The omnibus spending bill before Congress this week does include a change to Section 199A of the President’s Tax Cuts and Jobs Act.
The hotly debated 199A provision gives farmers a financial incentive to sell to cooperatives instead of private companies.
According to Pro Farmer’s Washington Policy Analyst Jim Weisemeyer, the 199A language change would repeal the 20% deduction of gross sales to co-ops.
“This currently gives co-ops an edge over other types of businesses because farmers who sell their commodities to grain firms can deduct only 20% of their net business income,” he says. “Some farmers could write off their income entirely using the gross sales deduction.”
Under the omnibus revision, farmers selling to co-ops would be able to claim a 20% deduction on net business income, with limits set on those with high incomes or capital gains, Wiesemeyer says.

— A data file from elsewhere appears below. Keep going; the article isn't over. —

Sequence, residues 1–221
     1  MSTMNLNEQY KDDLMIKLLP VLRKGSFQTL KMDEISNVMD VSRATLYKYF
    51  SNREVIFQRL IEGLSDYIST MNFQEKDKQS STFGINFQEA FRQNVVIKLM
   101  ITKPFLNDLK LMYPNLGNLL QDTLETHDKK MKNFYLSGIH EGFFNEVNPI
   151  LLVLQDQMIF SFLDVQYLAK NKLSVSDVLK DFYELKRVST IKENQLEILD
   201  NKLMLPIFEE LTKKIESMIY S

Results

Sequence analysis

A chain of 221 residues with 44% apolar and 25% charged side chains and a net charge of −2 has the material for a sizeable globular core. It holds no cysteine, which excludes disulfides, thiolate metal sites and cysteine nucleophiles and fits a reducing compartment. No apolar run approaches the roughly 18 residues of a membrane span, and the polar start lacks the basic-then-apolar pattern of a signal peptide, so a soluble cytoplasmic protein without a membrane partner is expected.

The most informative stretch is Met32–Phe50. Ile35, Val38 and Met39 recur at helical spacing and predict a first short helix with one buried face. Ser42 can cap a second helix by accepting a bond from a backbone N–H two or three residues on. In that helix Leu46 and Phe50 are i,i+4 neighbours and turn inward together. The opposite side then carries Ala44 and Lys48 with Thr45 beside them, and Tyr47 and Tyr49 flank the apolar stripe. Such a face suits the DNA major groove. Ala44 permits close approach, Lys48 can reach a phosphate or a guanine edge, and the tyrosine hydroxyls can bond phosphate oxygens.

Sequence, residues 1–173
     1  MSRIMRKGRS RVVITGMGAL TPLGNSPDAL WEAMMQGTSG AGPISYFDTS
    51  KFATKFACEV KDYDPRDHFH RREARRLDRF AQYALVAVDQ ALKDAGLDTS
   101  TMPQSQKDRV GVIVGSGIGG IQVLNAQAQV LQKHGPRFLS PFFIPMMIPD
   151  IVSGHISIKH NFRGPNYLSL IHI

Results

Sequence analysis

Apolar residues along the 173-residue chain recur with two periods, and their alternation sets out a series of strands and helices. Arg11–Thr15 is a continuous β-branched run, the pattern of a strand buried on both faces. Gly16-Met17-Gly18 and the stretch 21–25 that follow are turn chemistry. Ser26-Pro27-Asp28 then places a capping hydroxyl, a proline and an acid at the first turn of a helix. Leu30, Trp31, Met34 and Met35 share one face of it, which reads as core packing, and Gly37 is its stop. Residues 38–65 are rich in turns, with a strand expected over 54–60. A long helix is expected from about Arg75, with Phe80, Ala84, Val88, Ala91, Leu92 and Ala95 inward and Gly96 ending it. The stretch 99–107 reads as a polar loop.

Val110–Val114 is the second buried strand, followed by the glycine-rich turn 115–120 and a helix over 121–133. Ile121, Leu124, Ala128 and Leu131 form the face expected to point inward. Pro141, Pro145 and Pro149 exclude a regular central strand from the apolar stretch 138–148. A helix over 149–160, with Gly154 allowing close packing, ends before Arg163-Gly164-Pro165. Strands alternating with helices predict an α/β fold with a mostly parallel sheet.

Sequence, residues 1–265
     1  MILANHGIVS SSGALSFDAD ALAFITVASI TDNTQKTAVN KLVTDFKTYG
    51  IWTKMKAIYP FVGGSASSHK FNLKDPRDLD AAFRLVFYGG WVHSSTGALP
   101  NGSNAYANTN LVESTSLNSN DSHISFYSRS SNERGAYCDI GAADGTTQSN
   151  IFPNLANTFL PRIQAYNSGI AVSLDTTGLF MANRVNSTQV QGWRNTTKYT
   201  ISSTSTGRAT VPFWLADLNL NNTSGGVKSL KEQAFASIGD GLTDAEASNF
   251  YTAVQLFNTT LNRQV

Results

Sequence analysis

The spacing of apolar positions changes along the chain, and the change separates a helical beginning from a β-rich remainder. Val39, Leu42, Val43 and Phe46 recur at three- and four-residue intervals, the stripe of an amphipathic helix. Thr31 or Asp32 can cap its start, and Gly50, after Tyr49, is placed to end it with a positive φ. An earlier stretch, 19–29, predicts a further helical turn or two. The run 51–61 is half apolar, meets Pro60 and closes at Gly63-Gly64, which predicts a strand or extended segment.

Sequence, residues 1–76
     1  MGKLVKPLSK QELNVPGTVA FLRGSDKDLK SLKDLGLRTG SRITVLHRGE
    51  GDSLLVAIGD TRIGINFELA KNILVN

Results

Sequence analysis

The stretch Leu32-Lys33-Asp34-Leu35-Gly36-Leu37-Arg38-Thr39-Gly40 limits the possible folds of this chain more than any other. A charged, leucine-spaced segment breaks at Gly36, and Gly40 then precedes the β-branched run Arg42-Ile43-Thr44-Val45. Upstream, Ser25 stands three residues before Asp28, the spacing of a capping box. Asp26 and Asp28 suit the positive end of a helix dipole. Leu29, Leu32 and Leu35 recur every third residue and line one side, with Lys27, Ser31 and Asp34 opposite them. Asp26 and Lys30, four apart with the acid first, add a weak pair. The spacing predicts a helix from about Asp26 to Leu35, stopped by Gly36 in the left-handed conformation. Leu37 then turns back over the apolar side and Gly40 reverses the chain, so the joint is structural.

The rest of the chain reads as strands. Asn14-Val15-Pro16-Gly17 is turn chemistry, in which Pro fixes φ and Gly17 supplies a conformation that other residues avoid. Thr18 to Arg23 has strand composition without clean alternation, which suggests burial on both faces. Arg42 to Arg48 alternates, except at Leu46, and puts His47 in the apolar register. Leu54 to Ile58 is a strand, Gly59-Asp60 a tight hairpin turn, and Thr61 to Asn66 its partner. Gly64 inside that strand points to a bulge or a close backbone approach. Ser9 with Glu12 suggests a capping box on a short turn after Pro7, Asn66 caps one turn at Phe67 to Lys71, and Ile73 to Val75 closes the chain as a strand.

“The deduction would be reduced by the lesser of the following amounts: 9% of the farmer’s income from sales to the cooperative, or 50% of wages attributed to those sales,” he says. “Besides this tax break, a farmer would be able to claim the pass-through deduction from the co-op, if any. Farms structured as C corporations would not be eligible for the farmer-level deductions. And co-ops would be able to determine their deduction based on rules similar to the old tax law under the Domestic Production Activities Deduction.”
The National Farmers Union is not happy with the changes saying bipartisan compromises were “disregarded in favor of corporate interests.”
“Farmers Union is deeply disappointed that Congress included harmful modifications to Section 199A in this must pass legislation,” says NFU President Roger Johnson. “Reverting back to Section 199, in light of double-digit corporate tax relief, leaves farmers and their cooperatives worse off than prior to the passage of the Tax Reform and Jobs Act."
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